• Local municipalities: Many cities have yearly environment days to spread awareness about earth-friendly activities. Some cities, for instance, offer free compost to interested citizens. Other towns may have garden products like compost or other types of mulch available upon request. Not sure if your city offers any garden supplies for free? Just ask!
  • Neighbors: Not everyone is a gardener, but your neighbors may have many useful garden amendments lying around their yard. If your property is devoid of leaves, but they have a pile of leaves to rake every fall, consider offering your raking services in exchange for taking that free mulch home.

Tips for mulching

Get your free mulch and take it home. Now it’s time to apply it around your plants. The key to applying mulch is not to lay it down too thick. Too thick a layer can prevent plant roots from breathing and eventually suffocate them. Yikes!

Aim for about 1 to 2 inches of mulch around the base of a plant. After mulching, water deeply. You may have to reapply mulch throughout the season, but one application is usually enough to last a whole gardening season.




How to Use Baking Soda for Weed Control

 

How to Use Baking Soda for Weed Control

I’ve dealt with some nasty weeds in my day. I’ve also tried a lot of methods to get rid of said weeds. A lot of those so-called “tried-and-true” methods are actually bogus. Like so many gardening pieces of wisdom, a lot of weed control tricks aren’t really useful. What about baking soda for weed control? Does it work?

Baking soda’s many uses

always have a box of baking soda in my cupboard—usually two, in fact. Baking soda has many uses. It’s a frequent baking ingredient. It’s great for sopping up urine stains (something I have to deal with sometimes as a dog owner) and it deodorizes almost like magic. I also always have a box in the fridge to deal with stubborn smells that permeate from containers of leftovers.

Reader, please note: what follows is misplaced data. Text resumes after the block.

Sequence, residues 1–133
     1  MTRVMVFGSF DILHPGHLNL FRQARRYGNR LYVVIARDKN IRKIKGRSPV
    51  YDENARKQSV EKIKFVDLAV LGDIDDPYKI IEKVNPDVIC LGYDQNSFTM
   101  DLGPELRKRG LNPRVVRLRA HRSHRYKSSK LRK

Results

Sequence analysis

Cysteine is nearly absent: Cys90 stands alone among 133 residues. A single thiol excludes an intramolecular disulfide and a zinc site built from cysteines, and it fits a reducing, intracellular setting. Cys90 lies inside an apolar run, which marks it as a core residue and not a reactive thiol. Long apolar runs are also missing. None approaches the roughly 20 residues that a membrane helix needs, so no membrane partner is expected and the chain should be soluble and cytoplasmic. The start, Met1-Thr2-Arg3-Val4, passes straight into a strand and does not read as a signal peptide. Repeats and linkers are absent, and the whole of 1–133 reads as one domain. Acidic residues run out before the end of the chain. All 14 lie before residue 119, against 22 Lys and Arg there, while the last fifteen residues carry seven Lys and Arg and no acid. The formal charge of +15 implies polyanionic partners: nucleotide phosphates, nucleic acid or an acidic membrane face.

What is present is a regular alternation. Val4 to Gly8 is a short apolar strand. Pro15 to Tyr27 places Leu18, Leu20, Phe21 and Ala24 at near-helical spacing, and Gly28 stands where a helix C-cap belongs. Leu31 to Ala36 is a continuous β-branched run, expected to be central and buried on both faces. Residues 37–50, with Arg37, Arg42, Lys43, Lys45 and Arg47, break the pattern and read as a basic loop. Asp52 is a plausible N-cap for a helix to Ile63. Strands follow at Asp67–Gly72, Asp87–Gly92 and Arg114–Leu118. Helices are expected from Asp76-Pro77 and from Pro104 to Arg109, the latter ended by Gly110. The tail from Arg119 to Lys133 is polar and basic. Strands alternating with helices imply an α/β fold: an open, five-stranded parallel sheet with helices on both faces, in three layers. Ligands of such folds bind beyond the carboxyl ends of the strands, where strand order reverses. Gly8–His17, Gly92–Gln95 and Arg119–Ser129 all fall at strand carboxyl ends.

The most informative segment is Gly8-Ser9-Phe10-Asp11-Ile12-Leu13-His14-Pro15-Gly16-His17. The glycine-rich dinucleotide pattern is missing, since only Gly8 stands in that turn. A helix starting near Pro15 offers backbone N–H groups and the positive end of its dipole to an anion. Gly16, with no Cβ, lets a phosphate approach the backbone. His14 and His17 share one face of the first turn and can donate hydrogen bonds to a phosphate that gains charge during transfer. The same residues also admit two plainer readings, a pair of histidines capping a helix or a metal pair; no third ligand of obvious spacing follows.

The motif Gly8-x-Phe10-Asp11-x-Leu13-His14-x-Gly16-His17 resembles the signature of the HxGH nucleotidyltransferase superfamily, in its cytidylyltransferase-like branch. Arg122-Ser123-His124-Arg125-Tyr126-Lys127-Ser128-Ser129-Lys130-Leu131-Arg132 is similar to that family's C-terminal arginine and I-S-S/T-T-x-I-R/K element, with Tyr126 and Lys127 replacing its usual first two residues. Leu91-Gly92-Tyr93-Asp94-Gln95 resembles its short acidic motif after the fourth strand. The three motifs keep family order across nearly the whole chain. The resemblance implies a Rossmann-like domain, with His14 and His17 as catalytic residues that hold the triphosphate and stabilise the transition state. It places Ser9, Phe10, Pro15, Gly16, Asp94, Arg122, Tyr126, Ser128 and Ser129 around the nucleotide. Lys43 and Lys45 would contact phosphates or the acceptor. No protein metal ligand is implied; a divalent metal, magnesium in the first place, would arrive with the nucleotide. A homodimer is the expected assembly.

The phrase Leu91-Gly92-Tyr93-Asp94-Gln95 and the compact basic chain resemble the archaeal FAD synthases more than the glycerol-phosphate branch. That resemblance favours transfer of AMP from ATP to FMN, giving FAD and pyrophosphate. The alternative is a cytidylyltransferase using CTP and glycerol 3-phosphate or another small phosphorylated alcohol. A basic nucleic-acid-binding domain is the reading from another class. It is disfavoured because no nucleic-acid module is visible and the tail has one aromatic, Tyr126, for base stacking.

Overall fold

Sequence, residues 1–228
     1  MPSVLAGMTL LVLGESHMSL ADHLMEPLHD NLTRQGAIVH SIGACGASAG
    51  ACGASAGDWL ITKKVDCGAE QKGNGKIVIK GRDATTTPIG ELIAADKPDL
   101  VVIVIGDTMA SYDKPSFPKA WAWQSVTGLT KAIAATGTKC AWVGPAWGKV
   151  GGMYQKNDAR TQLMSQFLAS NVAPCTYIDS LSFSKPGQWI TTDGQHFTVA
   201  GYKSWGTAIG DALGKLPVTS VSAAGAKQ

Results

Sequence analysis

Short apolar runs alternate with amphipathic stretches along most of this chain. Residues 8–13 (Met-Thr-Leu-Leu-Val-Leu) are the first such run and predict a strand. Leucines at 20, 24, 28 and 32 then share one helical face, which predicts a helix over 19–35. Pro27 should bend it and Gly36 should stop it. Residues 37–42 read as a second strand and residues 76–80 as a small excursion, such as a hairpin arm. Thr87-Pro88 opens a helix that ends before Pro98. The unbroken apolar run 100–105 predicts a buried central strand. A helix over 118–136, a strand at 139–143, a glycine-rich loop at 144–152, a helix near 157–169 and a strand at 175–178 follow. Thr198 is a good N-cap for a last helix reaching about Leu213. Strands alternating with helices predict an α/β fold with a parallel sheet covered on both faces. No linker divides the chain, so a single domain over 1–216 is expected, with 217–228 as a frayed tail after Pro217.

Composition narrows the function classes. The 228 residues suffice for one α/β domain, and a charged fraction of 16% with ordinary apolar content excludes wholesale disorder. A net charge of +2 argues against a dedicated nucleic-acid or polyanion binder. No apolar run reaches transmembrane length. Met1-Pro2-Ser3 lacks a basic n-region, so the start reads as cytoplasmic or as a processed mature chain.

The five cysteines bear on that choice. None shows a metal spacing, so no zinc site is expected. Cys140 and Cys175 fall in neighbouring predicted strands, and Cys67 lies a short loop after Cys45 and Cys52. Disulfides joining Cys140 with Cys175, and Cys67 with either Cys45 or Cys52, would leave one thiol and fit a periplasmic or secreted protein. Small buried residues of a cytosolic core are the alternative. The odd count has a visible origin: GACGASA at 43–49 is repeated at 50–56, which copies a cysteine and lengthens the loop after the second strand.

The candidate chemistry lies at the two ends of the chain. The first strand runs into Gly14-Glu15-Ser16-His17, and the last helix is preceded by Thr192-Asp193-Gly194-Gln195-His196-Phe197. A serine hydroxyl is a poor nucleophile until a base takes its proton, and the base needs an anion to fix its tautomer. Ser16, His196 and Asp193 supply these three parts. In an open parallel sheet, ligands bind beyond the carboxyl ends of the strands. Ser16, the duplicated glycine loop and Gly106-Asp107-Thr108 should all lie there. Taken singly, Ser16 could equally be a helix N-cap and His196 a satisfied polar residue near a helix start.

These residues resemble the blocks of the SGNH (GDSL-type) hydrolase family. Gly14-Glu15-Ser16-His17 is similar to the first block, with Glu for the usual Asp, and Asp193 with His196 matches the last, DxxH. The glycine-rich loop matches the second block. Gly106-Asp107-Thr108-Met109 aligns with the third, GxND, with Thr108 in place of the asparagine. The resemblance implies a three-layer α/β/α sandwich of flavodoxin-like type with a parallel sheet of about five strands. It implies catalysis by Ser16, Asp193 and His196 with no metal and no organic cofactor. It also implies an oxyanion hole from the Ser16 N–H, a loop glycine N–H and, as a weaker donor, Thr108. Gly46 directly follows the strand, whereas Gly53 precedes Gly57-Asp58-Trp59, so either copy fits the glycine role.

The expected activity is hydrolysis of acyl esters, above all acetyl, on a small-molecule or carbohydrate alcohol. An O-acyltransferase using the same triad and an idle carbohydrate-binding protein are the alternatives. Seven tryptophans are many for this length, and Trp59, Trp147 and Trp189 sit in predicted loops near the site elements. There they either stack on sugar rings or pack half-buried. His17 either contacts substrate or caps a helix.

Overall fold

But does it work for killing weeds? Can you use baking soda for weed control?

Baking soda in the garden

I have a love-hate relationship with weeds. I genuinely believe that some weeds are lovely. Dandelions, for instance, are a treat and I love how they attract dozens of bees to my garden. Invasive vines, on the other hand? Kill them with fire! Or maybe baking soda?

Here’s the deal. Baking soda is not a magic weed killer. Don’t believe the hype. It contains sodium, which will surely kill weeds if you pile on the stuff. But, salt is also going to harm other green living things around your garden. Salt can also leech into your soil and can cause harmful runoff.

TLDR: It works but it can also cause problems.

It seems like a harmless substance, but I don’t recommend it for use in the garden. There are plenty of better ways to deal with weeds.

Baking soda alternatives

Here are a few alternatives to using baking soda for weed control.

  • Landscape fabric. Prepare beds with landscape fabric to prevent weeds from popping up in the first place.
  • Plastic mulch. Plastic mulch is another easy-to-use alternative that can easily suffocate weeds.
  • Organic mulch. Good ole’ organic mulches like wood chips and straw can help prevent weed growth. If you have a bed infested with weeds, though, don’t use mulch until you’ve pulled out most of the invading plants.
  • Your hands. If you’re dealing with a minor weed infestation, just use your hands or a trowel to dig the weeds up by the roots. Remember to dig up the whole plant or else it’ll pop up again.
  • Cardboard. Lay down cardboard before planting to prevent weeds from growing back.
  • Get some chickens. Chickens won’t selectively pick out weeds for you but they will eat the remnants that you’ve pulled up. That way, you won’t have to find a way to dispose of them.

Quick tip: Never toss weeds into your household compost. You can contaminate your garden this way!